Making your own compost from waste in your garden and kitchen is one of the joys of gardening. For gardeners with limited space, large compost heaps can seem unattainable, leaving you with no way to recycle your waste – or is there? In the last decade, Bokashi – meaning ‘fermented organic matter’ – has become the popular way to pickle your kitchen waste right in your kitchen and it has some extra benefits normal composting does not.

What is Bokashi?

Bokashi is the result of the studies of a Japanese horticulture professor, Dr Terou Higa. He introduced a selection of microbes he called Effective Microorganisms (EM) inoculated into a suitable carrier (in our case bran) to work to recycle waste and rubbish into nutritious organic matter. 

The resulting fermented organic matter can then be used as an effective soil food to balance microbes and improve plant growth. The microbes work to restore a natural balance to the system.

How to get started

Start with 2 plastic buckets with lids on top and taps on the bottom to drain off the liquid. Bokashi bins can be purchased at a hardware store or online, or use any bucket with a lid and tap. It’s this liquid that will be used as plant food. 

Any left-over food waste in the buckets can be dug into the garden, added to compost or discarded. There are also companies who will collect bokashi waste in certain areas. 

You need a packet of bokashi bran, available at hardware stores and garden centres. This bran is packed with the good stuff needed to break down any waste.

Start with one bucket and add a layer 6 cm deep of any of the food waste in your kitchen from vegetables peels, scraps of paper and cardboard. Unlike normal composting, you can also add, raw or cooked meat, fish, bones, and cooked leftovers – just about any organic waste that comes from your kitchen. 

Compact each layer of waste and sprinkle a handful layer of bokashi bran. Repeat the process until the bin is full. Keep the lid on and airtight as you go. Once the bin is full, it will take about 2 weeks for the fermentation to be complete.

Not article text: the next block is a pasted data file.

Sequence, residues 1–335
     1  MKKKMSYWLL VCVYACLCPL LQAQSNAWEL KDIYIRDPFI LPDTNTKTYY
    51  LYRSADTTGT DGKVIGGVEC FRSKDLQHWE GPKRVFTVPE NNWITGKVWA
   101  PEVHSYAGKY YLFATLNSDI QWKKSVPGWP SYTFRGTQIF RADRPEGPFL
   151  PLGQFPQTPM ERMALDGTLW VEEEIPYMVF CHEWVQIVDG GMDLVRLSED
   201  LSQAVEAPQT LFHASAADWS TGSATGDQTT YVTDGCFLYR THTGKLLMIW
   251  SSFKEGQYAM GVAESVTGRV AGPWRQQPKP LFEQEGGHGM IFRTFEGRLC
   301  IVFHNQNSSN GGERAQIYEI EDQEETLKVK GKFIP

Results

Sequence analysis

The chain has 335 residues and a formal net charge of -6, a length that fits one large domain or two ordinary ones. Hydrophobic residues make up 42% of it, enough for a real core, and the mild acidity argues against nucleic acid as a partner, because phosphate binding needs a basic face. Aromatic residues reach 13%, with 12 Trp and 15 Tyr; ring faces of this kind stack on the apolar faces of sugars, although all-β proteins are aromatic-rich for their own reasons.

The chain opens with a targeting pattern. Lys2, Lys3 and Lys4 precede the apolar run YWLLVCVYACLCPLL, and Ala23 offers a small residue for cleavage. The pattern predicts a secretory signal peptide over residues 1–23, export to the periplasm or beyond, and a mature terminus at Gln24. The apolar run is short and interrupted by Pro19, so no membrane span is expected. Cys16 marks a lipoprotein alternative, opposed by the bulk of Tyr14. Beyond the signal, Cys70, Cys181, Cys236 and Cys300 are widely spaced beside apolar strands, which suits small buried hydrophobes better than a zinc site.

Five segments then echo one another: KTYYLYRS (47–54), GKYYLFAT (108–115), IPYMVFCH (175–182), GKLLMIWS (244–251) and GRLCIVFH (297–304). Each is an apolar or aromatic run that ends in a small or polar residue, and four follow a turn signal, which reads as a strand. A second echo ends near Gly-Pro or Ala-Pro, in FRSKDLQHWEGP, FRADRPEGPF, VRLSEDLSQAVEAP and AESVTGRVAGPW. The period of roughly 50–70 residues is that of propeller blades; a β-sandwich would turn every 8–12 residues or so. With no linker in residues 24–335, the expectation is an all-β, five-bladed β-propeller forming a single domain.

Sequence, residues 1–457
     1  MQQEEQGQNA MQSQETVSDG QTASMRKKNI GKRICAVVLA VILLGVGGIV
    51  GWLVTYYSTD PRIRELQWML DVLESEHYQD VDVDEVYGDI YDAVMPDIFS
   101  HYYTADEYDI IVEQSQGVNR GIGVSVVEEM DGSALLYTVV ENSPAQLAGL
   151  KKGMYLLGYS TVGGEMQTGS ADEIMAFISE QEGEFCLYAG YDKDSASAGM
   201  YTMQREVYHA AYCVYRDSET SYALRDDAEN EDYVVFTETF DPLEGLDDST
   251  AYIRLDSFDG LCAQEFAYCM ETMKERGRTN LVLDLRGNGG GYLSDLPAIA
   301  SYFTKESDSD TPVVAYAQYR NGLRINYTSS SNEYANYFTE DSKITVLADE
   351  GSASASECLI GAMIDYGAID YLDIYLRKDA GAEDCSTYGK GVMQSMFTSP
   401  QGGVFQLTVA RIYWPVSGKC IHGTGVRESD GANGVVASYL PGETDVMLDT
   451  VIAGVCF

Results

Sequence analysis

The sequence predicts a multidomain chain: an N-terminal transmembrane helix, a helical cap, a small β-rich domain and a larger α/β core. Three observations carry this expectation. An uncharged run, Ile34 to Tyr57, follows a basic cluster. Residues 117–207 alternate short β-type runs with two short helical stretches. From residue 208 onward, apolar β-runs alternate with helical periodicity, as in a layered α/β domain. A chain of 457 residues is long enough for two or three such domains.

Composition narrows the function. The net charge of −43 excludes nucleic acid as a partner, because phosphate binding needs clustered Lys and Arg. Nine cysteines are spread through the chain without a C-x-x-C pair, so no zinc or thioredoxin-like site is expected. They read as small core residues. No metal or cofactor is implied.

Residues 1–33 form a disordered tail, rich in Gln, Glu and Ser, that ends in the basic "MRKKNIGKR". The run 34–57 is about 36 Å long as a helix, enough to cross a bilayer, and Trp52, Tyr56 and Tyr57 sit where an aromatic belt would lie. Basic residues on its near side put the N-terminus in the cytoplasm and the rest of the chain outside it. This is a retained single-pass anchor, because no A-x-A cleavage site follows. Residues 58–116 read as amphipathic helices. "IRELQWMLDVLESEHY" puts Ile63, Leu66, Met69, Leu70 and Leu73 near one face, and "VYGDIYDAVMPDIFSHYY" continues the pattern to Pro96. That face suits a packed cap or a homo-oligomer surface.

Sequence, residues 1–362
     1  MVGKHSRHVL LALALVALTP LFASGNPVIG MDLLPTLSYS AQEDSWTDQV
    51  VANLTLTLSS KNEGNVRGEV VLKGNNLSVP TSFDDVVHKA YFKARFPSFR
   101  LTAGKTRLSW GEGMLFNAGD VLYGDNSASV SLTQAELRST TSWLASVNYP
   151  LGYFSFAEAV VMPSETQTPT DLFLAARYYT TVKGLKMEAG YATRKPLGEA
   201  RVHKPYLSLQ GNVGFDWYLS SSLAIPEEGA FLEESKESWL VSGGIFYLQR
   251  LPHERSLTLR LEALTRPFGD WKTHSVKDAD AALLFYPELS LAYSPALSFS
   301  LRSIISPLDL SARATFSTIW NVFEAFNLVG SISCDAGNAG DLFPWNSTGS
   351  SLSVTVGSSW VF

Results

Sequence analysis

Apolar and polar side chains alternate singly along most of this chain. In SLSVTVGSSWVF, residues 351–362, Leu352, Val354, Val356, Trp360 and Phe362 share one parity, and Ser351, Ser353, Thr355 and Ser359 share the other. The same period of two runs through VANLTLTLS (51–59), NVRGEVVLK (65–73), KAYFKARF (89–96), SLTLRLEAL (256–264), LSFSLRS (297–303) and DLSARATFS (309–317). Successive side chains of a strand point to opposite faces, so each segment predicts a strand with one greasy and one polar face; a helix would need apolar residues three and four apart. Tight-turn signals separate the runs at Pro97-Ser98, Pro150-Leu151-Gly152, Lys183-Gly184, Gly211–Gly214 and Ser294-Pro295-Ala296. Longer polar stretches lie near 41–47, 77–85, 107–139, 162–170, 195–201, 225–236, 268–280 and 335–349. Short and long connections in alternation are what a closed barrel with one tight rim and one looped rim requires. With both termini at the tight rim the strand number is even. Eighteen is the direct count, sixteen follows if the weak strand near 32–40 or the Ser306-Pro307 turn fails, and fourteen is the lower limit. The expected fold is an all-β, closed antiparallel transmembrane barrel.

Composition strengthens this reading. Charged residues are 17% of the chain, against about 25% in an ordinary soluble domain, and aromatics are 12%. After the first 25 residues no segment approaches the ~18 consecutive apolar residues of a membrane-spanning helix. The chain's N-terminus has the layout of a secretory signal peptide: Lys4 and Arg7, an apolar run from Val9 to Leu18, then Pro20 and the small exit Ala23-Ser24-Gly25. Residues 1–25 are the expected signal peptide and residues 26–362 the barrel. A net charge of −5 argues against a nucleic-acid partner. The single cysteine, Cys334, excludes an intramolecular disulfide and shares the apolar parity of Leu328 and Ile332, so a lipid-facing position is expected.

Start the second bin so you have a constant supply. If you are not ready to use the bins, they can be kept covered until you are ready.

Using the liquid

Drain off the liquid from the plastic containers and use straight away or store for up to a month in a container that is filled to the brim. Store this in a cool, dark place until ready to use.

Bokashi liquid needs to be diluted with water before using to feed plants. 

  • Feed the soil by diluting 1-part bokashi liquid to 100 parts water or 1 tablespoon to 2 litres water.
  • Feed the leaves by diluting 1-part bokashi liquid to 500 parts water or 1 teaspoon in 5 litres water.

Fun facts

  • Use the bokashi liquid undiluted to clean and unblock drains and keep them free from odours.
  • Dog faeces and can also be fermented in a bokashi bin.
  • By practising bokashi, you are reducing the impact of landfills and helping improve the environment.
  • For every 10 kg of food waste fermented that is not going into a landfill, you are saving 6.17kg of greenhouse gasses (CO2e).
  • A pack of bokashi bran (1 kg) will last an average family 3-4 months.
  • The drying process when manufacturing bokashi bran put the microbes in a dormant state. Once you use the bran the microbes are activated. Make sure to store the remaining bran out of direct sunlight, in a closed airtight container to keep it dry and out of extreme hot or cold temperatures.



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